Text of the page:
Sunday Chronicle headliners 22 May 2016 The man who made Mow ...

The man who made Mowgli’s Jungle

Published May 22, 2016, 12:15 am IST
Updated May 22, 2016, 12:19 am IST
The other Indian star in The Jungle Book worked behind the scenes to bring that incredible world alive.
The 25-year-old Girish Balakrishnan, virtual production technical director of The Jungle Book
 The 25-year-old Girish Balakrishnan, virtual production technical director of The Jungle Book

The Jungle Book has seemingly packed a surprise for everyone. Trade pundits couldn’t believe that the film’s gross income touched Rs 250 crore in its sixth week in India. And viewers couldn’t grasp the reality that the only living thing in the movie was the jungle boy, Mowgli, himself. And you will be surprised to know that the film’s virtual production technical director was a 25-year-old Indian named Girish Balakrishnan.
Who is Girish Balakrishnan?
“I have always been a student of film, even before I truly understood what cinematography meant,” says Girish. “I was raised in New Jersey, went to school at Drexel University in Philadelphia for both undergrad and graduate school in Digital Media before moving to Los Angeles. My parents, who are from Chennai, are incredibly motivated and cultured people. They work as senior managers and also volunteer at our local Sri Guruvayurappan Temple as well as teach prayer classes to young children. My younger sister is on the medical track at Boston University. She is the brighter child, classically trained in Bharatanatyam and volunteers as a ‘Big Sister’ to mentor young girls.”

Currently, Girish is the virtual production technical director working at Digital Domain, that was responsible for the visual effects of films like Titanic, Apollo 13, and X-Men. “The profession that I have chosen is one less travelled in our community. While what I exactly do may still be a mystery to my family, they are very patient and always willing to help,” says the Drexel University graduate, whose roles shift between working with the motion capture team, creative department and writing code for new tools to use on-set.


Working on The Jungle Book
The opportunity to be a part of The Jungle Book came during the crossover period between working at 5D Global Studios and Digital Domain. “It was a lengthy 18-month production from pre-production all the way to on-set filming,” he says adding, “I remember when the art department and a team of location scouters returned from a country-wide trip to capture the flora and wildlife of India — did you know that King Louie’s temple was inspired by the Kailasanatha Temple in Ellora?”

Meanwhile, Girish had begun working with Microsoft creative supervisor Habib Zargarpour and principal software engineer Wes Potter on developing a visualisation tool called Photon. Girish explains, “Photon was fully integrated into Digital Domain’s motion capture pipeline, allowing the cinematographer Bill Pope, ASC to utilise a virtual camera system, similar to the one used on Avatar, to look into the virtual world. Except with this new technology, he was able to do more than just compose shots — he could direct lights, pull focus on the lens, add dynamic atmospheric effects such as rain, fog, fire, and essentially dictate the mood of a shot. On the motion capture stage, you would see a child alongside motion-captured puppeteers, but in the lens of the camera you would see a boy standing under the dappled light of jungle alongside his animal friends.”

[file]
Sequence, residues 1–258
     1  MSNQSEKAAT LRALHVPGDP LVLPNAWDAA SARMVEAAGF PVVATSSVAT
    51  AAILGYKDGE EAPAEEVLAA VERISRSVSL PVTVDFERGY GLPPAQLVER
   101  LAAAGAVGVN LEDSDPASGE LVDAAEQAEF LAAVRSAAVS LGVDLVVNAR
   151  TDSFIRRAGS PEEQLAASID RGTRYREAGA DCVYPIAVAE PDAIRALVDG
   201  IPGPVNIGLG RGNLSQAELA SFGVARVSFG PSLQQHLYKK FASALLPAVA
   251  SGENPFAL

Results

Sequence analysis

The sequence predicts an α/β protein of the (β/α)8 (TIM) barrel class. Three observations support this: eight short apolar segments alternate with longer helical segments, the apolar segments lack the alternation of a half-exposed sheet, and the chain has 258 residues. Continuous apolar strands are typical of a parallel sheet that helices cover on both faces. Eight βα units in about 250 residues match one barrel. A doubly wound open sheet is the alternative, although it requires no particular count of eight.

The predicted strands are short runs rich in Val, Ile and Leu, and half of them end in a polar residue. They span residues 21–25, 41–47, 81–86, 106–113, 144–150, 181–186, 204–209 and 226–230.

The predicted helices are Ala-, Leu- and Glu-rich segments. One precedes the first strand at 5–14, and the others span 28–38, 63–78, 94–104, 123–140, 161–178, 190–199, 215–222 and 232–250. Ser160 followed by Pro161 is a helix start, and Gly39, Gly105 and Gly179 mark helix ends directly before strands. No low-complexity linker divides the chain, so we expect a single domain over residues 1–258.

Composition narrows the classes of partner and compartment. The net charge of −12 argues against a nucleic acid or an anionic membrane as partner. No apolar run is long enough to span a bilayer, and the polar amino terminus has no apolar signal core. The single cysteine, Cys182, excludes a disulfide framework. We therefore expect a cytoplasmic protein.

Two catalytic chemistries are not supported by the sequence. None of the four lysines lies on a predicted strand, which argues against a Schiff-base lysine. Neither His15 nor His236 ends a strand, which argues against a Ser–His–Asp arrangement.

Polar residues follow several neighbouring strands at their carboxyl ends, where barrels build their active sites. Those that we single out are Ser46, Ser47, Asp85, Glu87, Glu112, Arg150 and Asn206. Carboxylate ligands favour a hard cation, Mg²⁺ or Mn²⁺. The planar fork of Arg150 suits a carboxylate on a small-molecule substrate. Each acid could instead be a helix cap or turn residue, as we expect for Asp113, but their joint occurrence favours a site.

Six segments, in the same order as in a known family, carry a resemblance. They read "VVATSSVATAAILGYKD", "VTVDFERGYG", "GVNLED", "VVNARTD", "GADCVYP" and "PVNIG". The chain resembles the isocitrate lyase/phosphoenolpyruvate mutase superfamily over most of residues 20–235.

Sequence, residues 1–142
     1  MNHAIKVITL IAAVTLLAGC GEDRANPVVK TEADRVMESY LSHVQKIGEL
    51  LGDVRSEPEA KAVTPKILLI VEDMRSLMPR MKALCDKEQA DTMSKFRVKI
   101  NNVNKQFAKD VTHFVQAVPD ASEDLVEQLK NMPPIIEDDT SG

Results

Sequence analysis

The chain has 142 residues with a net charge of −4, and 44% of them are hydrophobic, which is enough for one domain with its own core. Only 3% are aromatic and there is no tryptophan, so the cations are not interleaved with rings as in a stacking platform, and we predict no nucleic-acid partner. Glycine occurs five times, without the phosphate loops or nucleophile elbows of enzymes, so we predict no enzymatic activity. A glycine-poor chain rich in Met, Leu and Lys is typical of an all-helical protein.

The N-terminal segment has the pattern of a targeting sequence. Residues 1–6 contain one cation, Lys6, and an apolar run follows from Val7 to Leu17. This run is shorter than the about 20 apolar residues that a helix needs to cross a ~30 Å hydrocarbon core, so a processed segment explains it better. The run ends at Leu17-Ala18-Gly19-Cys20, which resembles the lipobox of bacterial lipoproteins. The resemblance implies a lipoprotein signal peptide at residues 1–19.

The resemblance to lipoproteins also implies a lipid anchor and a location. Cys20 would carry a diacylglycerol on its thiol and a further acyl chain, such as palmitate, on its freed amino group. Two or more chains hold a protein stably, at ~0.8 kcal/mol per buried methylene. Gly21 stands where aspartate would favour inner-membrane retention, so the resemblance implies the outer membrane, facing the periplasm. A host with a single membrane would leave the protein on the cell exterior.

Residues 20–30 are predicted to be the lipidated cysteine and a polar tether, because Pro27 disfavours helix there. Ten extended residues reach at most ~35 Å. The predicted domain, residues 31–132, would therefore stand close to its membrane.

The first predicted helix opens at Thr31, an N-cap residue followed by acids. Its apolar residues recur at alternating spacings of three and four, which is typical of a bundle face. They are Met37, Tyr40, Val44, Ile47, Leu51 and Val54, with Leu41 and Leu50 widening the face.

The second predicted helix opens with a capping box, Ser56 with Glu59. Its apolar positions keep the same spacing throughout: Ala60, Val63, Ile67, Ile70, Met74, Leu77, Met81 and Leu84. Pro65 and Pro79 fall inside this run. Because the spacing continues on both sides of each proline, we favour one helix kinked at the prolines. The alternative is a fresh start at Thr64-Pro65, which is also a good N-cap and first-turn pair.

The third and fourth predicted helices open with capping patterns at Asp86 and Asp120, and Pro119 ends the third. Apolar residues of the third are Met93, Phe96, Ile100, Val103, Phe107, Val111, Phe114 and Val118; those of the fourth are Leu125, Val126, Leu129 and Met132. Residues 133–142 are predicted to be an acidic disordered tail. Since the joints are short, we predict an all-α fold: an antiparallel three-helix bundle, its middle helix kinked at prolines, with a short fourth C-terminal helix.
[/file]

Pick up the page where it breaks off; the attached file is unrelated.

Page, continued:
And that’s how The Jungle Book became the first feature film to fully integrate this video game engine as visualisation into the filmmaking pipeline. “As for the cast members, considering this was essentially following the model of a Disney animated film; all the principal voice actors were recorded in sound booths at a studio outside of set. Neel Sethi, barely 10-year-old Mowgli from New York City at the time of filming, was present at the studio every day. Since this was his first film, we watched him grow, learn how to act to a camera, and explore his imagination with the puppeteers in the blue-screen stage. His performance definitely resonated in the final film. Plus, you can’t deny he does look and act a lot like the 1967 classic Mowgli,” says Girsh, who feels he is just “one small cog in the giant machine”.


Writing the future of virtual production
From sleepless nights to sending out hundreds of job applications, Girish is humbled by how far he has come. “My passion has always been about how we can use the right tools to tell the best story. As for the future, I plan to delve further into more embryonic technologies like virtual and augmented/ mixed reality. And hopefully one day, I can even share one of our Indian epics with the rest of the world — it’s about time!”

And one final advice he gives those aspiring to make it big in virtual production: “Watch lots of movies and delve into the behind-the- scenes,” he says, adding, “Surround yourself with people better than you, and you will be pushed to do better. Also, coffee helps.”